Assistive Technology in Low-Income Countries

  • Arne H. Eide
  • Tone Øderud


World Health Organization (WHO) has estimated that 10% of the global population has a disability, with social educational and/or economical consequences. Although such estimates have a weak basis (Metts, 2000; Eide and Loeb, 2006a) it might be about 600 million people around the world with special needs in terms of health care, education, rehabilitation, appropriate assistive devices and social support. Furthermore it is indicated that 80% of people with disabilities live in low-income countries and also in very poor life conditions with limited access to health care services, rehabilitation and assistive devices. Case studies in developing countries show that higher disability rates are associated with higher rates of illiteracy, poor nutritional status, lower immunization coverage, lower birth weight, higher rates of unemployment and underemployment, and lower occupational mobility (Elwan, 1999). Disability can cause poverty by preventing the full participation of persons with disabilities in the economic and social life of their communities, especially if the appropriate supports and accommodations are not available. This chapter draws on results from recent studies on living conditions among people with disabilities in southern Africa (Eide et al. 2003a, b; Loeb and Eide, 2004; Eide and Loeb, 2006b) and aims at describing the situation for disabled people in low-income contexts with regards to assistive technology.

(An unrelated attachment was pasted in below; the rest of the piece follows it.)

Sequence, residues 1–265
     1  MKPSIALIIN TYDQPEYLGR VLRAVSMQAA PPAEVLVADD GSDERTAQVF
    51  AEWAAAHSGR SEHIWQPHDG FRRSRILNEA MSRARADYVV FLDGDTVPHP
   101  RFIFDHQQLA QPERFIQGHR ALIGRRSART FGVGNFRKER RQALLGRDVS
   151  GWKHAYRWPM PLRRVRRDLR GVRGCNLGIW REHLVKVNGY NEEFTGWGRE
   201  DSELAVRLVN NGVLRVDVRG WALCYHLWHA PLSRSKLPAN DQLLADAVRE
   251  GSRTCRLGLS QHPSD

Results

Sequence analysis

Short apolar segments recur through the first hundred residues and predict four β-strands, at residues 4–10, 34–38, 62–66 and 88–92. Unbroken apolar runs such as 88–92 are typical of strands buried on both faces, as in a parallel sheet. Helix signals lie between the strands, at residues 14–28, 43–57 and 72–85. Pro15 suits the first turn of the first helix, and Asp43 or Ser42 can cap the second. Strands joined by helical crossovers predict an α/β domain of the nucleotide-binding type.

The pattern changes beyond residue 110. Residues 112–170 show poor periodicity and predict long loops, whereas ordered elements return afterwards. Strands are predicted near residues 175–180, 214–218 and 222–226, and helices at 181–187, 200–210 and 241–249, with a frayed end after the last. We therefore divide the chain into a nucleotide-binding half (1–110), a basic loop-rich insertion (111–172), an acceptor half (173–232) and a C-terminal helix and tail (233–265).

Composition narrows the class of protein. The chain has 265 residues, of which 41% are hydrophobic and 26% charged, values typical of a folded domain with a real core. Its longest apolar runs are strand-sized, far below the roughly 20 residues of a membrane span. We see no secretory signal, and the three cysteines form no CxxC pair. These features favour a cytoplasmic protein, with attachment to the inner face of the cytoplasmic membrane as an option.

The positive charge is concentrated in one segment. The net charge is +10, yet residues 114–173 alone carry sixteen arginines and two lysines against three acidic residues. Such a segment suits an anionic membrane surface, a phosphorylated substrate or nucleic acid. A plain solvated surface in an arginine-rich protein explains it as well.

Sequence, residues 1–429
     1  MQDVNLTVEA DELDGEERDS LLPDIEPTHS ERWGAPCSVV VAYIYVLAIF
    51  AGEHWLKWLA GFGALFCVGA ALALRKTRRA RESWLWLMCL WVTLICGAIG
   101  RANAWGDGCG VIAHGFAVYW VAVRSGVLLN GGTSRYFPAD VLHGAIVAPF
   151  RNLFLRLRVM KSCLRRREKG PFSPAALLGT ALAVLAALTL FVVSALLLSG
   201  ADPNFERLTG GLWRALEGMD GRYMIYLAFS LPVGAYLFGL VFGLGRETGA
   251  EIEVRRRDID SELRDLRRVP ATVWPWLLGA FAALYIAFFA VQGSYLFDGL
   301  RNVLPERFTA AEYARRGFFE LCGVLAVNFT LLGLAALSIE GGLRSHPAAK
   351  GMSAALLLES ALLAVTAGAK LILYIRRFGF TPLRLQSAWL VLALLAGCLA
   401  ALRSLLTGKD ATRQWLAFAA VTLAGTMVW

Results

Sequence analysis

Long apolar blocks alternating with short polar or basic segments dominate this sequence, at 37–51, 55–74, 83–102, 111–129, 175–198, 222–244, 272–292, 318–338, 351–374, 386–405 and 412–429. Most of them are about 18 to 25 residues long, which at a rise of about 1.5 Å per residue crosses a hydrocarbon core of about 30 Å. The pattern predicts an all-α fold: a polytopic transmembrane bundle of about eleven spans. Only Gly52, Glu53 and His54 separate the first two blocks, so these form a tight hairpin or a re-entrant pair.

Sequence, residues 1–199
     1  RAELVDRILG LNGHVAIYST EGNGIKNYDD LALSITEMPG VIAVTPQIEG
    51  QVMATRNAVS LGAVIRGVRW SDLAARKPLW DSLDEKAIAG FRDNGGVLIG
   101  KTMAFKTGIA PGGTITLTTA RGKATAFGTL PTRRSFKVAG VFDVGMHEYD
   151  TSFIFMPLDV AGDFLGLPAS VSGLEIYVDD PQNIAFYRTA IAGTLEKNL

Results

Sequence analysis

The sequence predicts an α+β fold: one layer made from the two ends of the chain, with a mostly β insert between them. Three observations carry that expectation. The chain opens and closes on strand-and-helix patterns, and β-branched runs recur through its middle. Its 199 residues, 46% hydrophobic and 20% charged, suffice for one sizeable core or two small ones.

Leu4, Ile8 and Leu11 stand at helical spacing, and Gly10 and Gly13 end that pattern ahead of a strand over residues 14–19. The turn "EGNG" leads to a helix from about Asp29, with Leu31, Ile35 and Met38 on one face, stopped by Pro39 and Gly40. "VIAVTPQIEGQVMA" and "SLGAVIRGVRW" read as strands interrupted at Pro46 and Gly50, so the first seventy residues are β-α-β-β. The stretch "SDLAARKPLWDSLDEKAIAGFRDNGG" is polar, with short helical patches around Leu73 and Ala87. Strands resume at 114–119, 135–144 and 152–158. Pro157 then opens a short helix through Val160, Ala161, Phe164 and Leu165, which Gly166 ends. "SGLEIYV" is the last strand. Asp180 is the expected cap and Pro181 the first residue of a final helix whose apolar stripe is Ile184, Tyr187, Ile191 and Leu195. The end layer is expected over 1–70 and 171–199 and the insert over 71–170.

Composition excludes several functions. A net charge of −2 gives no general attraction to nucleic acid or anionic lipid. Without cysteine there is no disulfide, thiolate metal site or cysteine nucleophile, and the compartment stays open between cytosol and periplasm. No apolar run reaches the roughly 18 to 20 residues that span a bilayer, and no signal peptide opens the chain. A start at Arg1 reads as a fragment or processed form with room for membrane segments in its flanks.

Disable People Assistive Technology Assistive Device Pressure Sore Service Delivery System 
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Copyright information

© Springer Science+Business Media, LLC 2009

Authors and Affiliations

  1. 1.SINTEF Health ResearchOsloNorway

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